With winter withering away and summer emerging, exploring the great outdoors becomes a priority for many tourists. There are hundreds of trails to explore around northern Arizona, and hikers and cyclists alike no longer have to wait for them to be clear of snow.
George Jozens, the deputy public affairs officer for the Coconino National Forest, said that one does not have to venture far from Flagstaff to dive into nature.
Buffalo Park hosts a variety of trails, and it is one of the most popular destinations within the city limits. According to Jozens, some trails near mount elden are closed off due to helicopter logging in the Dry Lake Hills Area.
Fatman’s Loop Trail is one of the most used in Flagstaff as it is one of the easier ones near the city. Even with its location, mule deer and grey foxes are frequently seen on this hike. This trail leads to a much more strenuous hike known as Elden Lookout Trail. Jozens said that there are parts where the trail inclines to 45 degrees.
“It is the steepest trail we have in the forest, so it is very difficult,” Jozens said.
Additionally, Jozens said that Rogers Lake County Natural Area has two trails for hikers and bikers. The Gold Digger Trail is 4 miles long and has a ramada with rainwater collection for birds, and the Two-Spot Trail is 2 miles long that gives visitors a great view of the wetlands.
“With the water present there it is absolutely gorgeous,” Jozens said.
According to the United States Forest Service (USFS) website, the Campbell Mesa Trail System is an easy hike that should take three to four hours to complete. Everyone from hikers, cyclists, and skiers enjoy theses trails year round.
This trail system is surrounded by Gambel Oak-Ponderosa Pine, diverse wildlife, and breathtaking views of Mt. Elden, Anderson Mesa and Mormon Mountain.
There are five loops in the trail system, offering a variety of length and difficulty for trail enthusiasts. Sinagua Loop is the shortest one which is about a mile long, and the Continental Loop is not much longer as it is barely 2 miles. The Continental Loop has a great view of the Rio de Flag and Walnut Canyon Lakes.
Next is the Anasazi Loop which measures at 2.7 miles, and the Walnut Meadows Loop stretches to 4 miles. Taking this trail grants the hiker with a beautiful view of Mormon Mountain and Anderson Mesa. The longest trail is the Campbell Mesa Loop at 5.7 miles long.
The Sycamore Rim Trail has five different trailheads that give hikers access to this unique system. According to the USFS website, the northern and western sections travel through Ponderosa Pine forests. Meanwhile, the southern and eastern portions of the loop follow the rim of Sycamore Canyon.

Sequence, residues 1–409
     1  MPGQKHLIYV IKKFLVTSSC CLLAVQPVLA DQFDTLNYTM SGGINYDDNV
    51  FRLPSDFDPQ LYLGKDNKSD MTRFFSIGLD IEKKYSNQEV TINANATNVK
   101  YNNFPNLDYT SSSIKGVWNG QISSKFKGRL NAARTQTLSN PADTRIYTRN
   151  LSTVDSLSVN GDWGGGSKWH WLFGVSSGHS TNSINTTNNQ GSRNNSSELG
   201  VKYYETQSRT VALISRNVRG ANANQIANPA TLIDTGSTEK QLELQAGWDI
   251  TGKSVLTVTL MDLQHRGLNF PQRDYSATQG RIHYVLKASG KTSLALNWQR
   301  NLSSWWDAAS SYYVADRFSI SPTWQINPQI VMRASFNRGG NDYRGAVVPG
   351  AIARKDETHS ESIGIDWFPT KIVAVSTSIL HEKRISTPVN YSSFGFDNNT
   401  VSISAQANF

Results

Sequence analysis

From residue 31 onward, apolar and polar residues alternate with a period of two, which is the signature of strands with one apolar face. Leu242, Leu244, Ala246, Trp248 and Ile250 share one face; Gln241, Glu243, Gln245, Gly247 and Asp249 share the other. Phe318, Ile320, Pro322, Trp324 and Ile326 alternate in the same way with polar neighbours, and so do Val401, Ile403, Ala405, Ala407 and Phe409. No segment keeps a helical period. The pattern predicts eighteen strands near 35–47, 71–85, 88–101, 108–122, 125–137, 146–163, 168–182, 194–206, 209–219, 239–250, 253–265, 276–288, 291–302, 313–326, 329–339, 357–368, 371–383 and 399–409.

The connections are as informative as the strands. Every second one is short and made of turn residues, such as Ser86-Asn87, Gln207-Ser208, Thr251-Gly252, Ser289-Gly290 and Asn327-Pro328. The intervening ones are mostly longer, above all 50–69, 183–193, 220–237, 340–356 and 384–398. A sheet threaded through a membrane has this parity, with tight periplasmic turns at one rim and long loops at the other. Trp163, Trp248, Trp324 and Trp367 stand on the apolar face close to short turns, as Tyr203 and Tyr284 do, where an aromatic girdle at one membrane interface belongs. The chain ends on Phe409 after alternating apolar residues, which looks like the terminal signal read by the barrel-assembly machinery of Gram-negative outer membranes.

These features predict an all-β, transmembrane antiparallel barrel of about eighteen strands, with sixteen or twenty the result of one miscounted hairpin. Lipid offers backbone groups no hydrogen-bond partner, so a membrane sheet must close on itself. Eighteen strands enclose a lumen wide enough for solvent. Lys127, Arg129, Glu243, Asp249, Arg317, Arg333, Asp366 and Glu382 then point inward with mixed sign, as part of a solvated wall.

Jozens warned that bikes are not allowed in the wilderness area and advised that visitors should double check where they are permitted to bike.
Sycamore Falls also attracts rock climbers as well, and previous experience is highly recommended before scaling these mountains.
Walnut Canyon National Monument has two short trails to explore and allows visitors to look into the past. This National Monument is home to the ruins of the Sinagua who inhabited the area hundreds of years ago. The Rim Trail is a quick 0.7-mile-long hike that goes around the rim and passes through the preserved structures of the Sinagua. The Island Trail goes into the canton for about a mile and encounters over 20 ruins.
The Grand Canyon also has a variety of trails. Nicholas Brown, a recreation specialist with the North Kaibab Ranger District, said that Rainbow Ridge is one of the most popular trails in northern Arizona.
“People love to hike and bike through the 22-mile-long trail, it’s a great experience,” Brown said.
Located along the north rim of the Grand Canyon, it offers a different view places such as Powell Plateau, Steamboat Mountain, Tapeats Amphitheater and Great Thumb Mesas, as well as the Mt. Trumbull region of The Arizona Strip. The trail passes through the Ponderosa Pine Forest and drops into steep canyons filled aspens and small meadows.
For those looking for an immersive wilderness experience, Brown recommended the Kanab Creek Wilderness. This trail is in the middle of an intense desert environment and is not for the lighthearted adventurer. However, the remoteness is unmatched.
“I love the landscape,” Brown said. “There is beautiful scenery along with great archaeological sites that you can visit too.”
Brian Grube, the assistant director of Coconino County Parks and Recreation, said that trails are an essential fabric to the Flagstaff community.
“Trails are conducive to a healthy community because people are surrounded by nature while they exercise,” Grube said. “It brings people in the neighborhood closer together and attracts visitors from all over the world.”
He added that trails challenge people to get out of their comfort zone and push people to explore and admire the local wildlife.
Jozens had some wisdom to give to trail enthusiasts before they explore the great outdoors.
“Make sure you bring plenty of water and snacks, you need to be as prepared as possible,” Jozens said.